Learn Spanish in Uruguay, a friendly country with long sandy beaches, a rocky coastline and picturesque seaside towns.
Uruguay is a small Spanish speaking country on the Atlantic coast, between Brazil and Argentina. The vast majority of the population is European in origin and this is why it is considered to be the most European country in Latin America, although there are also indigenous and African influences. With its fields and forests, the landscapes in Uruguay are also reminiscent of Europe. In some areas, herds of cattle can be seen grazing in green meadows. You can also find an amazing array or flora and fauna that have evolved gradually in unspoilt natural landscapes.
Uruguay was an important Spanish colonial territory and as a result in many towns you can admire the historical architecture, visit the numerous museums and explore the city walls and colonial buildings. In Montevideo these buildings provide an interesting contrast to the more modern architecture. Outside the capital, you can also discover small pretty fishing villages, idyllic beaches with clear blue sea and thermal springs in Almirón and the Northeast.
However, Uruguay has much more to offer than just landscapes and architecture: it also has a lively, fun-loving atmosphere. Along with Argentina, Uruguay is well-known as the birthplace of tango and has a carnival famous for being one of the longest in the world (lasting 45 days). The carnival takes place in February and culminates with the Llamadas, popular parades through Montevideo’s old town. The capital also hosted football’s first World Cup in 1930 and became the first world champions, having beaten Argentina in the finals.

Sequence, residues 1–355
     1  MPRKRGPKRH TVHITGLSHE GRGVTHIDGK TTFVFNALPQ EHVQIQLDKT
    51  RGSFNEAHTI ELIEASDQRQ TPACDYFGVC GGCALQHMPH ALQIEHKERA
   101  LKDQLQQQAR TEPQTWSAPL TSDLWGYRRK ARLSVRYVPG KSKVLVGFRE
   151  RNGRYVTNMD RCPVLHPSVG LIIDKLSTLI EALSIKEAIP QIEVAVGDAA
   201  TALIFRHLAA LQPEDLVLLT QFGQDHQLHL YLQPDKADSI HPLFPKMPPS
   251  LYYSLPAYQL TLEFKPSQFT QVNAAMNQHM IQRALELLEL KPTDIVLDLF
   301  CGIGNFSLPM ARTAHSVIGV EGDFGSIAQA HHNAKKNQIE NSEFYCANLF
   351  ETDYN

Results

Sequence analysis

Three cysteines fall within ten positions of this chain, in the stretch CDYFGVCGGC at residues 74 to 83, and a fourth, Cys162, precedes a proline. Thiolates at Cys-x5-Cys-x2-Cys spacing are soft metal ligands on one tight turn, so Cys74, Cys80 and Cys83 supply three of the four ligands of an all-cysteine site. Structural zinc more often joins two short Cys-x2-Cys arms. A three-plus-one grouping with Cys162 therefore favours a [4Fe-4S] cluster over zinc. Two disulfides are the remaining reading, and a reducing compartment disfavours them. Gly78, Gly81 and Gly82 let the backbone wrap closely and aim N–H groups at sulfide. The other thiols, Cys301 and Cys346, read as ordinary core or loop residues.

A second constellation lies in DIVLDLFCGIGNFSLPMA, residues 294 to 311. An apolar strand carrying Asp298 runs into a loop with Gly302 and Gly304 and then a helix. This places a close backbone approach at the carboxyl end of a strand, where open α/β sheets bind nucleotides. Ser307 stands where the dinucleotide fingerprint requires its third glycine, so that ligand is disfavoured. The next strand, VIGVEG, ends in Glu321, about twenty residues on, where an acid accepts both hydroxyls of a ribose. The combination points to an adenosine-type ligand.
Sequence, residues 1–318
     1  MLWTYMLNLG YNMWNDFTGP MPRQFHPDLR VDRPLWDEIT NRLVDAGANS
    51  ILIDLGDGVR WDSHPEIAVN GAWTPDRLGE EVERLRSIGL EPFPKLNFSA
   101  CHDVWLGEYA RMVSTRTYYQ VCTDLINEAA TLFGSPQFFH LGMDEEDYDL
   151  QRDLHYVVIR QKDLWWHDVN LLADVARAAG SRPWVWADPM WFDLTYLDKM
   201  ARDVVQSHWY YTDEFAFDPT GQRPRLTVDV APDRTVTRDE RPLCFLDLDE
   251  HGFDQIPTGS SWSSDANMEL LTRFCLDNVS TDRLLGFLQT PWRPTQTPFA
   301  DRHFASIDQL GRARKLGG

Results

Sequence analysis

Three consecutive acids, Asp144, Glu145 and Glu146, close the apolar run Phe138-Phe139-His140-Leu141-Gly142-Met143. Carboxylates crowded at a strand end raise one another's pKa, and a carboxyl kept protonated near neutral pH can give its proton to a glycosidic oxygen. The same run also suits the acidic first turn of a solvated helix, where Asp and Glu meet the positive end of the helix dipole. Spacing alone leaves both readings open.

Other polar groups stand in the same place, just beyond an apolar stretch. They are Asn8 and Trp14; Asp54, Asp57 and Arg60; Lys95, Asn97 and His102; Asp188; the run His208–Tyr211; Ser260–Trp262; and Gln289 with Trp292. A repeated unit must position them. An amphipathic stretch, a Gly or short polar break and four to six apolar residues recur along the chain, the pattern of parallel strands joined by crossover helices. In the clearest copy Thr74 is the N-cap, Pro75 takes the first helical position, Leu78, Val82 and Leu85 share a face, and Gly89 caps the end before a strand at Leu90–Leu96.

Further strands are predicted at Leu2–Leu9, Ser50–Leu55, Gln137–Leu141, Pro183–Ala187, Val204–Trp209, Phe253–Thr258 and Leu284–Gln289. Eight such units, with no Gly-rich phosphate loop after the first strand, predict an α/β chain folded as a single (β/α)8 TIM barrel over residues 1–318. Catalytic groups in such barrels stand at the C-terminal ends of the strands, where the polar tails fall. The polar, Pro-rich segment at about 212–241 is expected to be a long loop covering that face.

The local cuisine is centered around meat, and asado (barbecue) is the national dish and a favorite meal to share with family or friends. Chivito is another traditional dish: a burger comprised of a fillet of beef, mozzarella cheese, tomatoes, mayonnaise and an egg. Maté is the national drink, a hot herbal drink that was drunk by the indigenous people of the region. The drink’s name comes from a pumpkin-like fruit, which is dried and hallowed out to be used as a mug from which to drink from. Maté can be drunk at any time of day and is always poured fresh, which is why you will see many locals with a thermos flask under their arm.